• Genevieve Kirk

LASER

LASER works by using light energy of the visible to near infra-red range to increase the activity in the engine of the cell: the MITOCHONDRIA. These are a ‘sub cell’ of sorts, known as organelles, and are responsible for respiration. Respiration produces the energy for our bodies, in the form of ATP.


When an injury is present, a hypoxic environment is created, meaning reduced oxygen is available. This prevents mitochondria from doing their job efficiently and reduces the supply of ATP.

LASER provides benefits of:

- Pain relief

- Reduction of swelling

- Blood vessel growth

- Improved chemical composition of that area.

Within the mitochondria are molecules known as “Chromophores”, these are “photon-acceptors”. A “Photon acceptor” is basically a molecule capable of accepting energy from the LASER. Cytochrome C-Oxidase is and enzyme and the final photon acceptor in the chain of respiration in the Mitochondria and is theorised to be one of the main action sites of the LASER. The absorption spectrum of COX, meaning the wavelengths it is affected by ranges from 500-1110nm; which is important to note with regards to the wavelengths of the LASER/light therapy machine used for treatment (different wavelengths for different purposes).

COX is theoretically able to produce Nitric Oxide (NO) from Nitrite… Increasing COX activity through LASER application could increase the release of NO into the body. NO has therapeutic benefits of increasing blood vessel size (vasodilation), which will help revive and re-oxygenate the poorly oxygenated tissues that have suffered from injuries (as previously mentioned). Increasing this activity of COX also increases the ATP production and general mitochondrial activity, which increases the cell’s ability to function. Increasing the cell's function will increase the activity of that area and tissue, and enhance the repair process of the injured area.


Combined, this effect increases the delivery of fresh nutrients and oxygenated blood, increases the ATP/energy available to the injured tissue, and results in pain reduction, blood vessel growth, wound healing, reduction in swelling and reduction in pro-inflammatory chemicals… All very good benefits to the healing of the body.


The benefits of LASER make it suitable to treat a range of problems:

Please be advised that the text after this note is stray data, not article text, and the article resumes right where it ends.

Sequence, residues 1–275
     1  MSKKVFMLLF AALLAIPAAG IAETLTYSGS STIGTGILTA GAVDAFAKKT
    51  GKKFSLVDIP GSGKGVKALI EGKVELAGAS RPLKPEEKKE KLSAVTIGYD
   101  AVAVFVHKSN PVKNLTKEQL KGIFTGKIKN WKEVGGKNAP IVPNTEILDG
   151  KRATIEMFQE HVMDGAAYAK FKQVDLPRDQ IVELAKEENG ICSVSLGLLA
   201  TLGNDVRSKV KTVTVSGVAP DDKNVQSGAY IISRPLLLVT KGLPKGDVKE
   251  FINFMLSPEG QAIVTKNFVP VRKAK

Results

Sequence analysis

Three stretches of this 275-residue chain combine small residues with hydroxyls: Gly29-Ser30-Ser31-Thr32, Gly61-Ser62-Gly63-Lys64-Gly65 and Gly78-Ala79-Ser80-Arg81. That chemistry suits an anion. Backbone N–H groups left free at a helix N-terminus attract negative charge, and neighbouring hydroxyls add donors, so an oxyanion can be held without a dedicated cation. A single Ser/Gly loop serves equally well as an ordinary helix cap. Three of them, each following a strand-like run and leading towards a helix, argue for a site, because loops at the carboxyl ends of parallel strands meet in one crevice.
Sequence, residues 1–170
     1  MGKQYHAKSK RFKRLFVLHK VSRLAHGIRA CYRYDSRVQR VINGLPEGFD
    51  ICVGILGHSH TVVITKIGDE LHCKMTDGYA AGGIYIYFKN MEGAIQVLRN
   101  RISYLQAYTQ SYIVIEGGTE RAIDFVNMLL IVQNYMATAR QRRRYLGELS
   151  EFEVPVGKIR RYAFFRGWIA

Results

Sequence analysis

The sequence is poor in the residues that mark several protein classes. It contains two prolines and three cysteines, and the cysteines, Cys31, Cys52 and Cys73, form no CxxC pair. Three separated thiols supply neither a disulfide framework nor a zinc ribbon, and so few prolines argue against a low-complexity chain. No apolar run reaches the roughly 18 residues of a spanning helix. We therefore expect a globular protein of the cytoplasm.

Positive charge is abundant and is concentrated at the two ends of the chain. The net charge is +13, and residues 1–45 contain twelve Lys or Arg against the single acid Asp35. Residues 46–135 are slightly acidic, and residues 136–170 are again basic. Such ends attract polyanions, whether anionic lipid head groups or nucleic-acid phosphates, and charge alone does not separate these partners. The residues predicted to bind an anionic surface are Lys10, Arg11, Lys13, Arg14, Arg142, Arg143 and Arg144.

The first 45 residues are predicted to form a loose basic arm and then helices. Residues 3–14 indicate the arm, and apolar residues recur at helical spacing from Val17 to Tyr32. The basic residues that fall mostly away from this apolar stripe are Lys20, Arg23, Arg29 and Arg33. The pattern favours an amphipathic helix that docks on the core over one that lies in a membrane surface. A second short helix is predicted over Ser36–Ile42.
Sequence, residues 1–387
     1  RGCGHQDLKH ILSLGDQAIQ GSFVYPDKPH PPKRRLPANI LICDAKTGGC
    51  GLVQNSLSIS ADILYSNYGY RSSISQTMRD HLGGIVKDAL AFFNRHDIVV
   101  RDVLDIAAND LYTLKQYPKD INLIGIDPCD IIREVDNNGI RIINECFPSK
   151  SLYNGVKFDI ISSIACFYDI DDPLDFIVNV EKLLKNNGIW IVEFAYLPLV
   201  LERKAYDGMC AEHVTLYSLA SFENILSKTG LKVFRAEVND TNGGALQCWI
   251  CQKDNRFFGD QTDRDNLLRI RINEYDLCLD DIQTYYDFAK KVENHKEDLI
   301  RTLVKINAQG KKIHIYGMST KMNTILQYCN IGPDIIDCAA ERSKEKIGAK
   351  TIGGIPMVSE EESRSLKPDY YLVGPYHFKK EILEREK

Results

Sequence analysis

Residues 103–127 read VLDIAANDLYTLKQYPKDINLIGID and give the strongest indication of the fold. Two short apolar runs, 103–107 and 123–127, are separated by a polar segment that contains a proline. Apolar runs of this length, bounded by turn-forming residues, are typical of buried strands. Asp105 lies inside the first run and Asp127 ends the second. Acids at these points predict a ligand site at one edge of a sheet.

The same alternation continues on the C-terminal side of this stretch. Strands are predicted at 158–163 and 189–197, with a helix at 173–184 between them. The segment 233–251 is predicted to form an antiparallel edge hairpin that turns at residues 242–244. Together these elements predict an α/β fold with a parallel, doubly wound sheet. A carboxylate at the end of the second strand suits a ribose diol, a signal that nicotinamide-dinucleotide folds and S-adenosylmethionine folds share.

- muscle knots

- tendon and ligament problems

- swelling

- ischaemic tissues

- muscle trauma

- bone problems (Joint problems, arthritis, fractures)

Interestingly, Nitric Oxide can be supplemented by some natural sources: Pumpkin seeds. Alternative, natural supplements are gaining interest, and certainly have made me broaden my approach to supplements. Pumpkin seeds (and pumpkins themselves!) are high in a range of minerals, vitamins (especially A and E, BOTH excellent for muscle function and quality), and importantly Nitric Oxide. For a bit more on this, while we work on some info about natural supplement alternatives: https://thehorse.com/113373/can-horses-eat-pumpkin/

Bibliography

[1]

H. B. Cotler, R. T. Chow, M. R. Hamblin and J. Carroll, “The Use of Low Level Laser Therapy for Musculoskeletel Pain,” Orthopeadics and Rheumatology, vol. 2, no. 5, p. 00068, 2015.

[2]

M. Flaherty, “Rehabilitation therapy in Perioperative Pain Management,” Veterinary Clinics of North America: Small Animal Practice, vol. 49, pp. 1143-1156, 2019.

[3]

X. Fu, J. Dong, S. Wang, M. Yan and M. Yao, “Advances in the treatment of traumatic scars with laser, intense pulsed light, radiofrequency, and ultrasound,” Burns and Trauma, vol. 7, no. 1, pp. 1-7, 2019.

[4]

L. Hochman, “Photobiomodulation Therapy in Veterinary Medicine: A Review,” Topics in Companion Animal Medicine, vol. 33, pp. 83-88, 2018.

[5]

K. C. Kennedy, S. A. Martinez, S. E. Martinez, R. L. Tucker and N. M. Davies, “Effects of low-level laser therapy on bone healing and signs of pain in dogs following tibial plateau leveling osteotomy,” American Journal of Veterinary Research, vol. 79, no. 8, pp. 893-904, 2018.

[6]

J. L. Wardlaw, K. M. Gazzola, A. Waqgoner, E. Brinkman, J. Burt, R. Butler, J. M. Gunter and L. H. Senter, “Laser Therapy for incision healing in 9 dogs,” Veterinary Sports Medicine and Physica Rehabilitation, vol. 5, no. 349, pp. 1-24, January 2019.

[7]

B. Pryor and D. L. Millis, “Therapeutic Lase in Veterinary Medicine,” Veterinary Clinics of North America: Small Animal Clinics, vol. 45, pp. 45-46, 2015.

https://www.discoverymedicine.com/Robert-O-Poyton/2011/02/20/therapeutic-photobiomodulation-nitric-oxide-and-a-novel-function-of-mitochondrial-cytochrome-c-oxidase/

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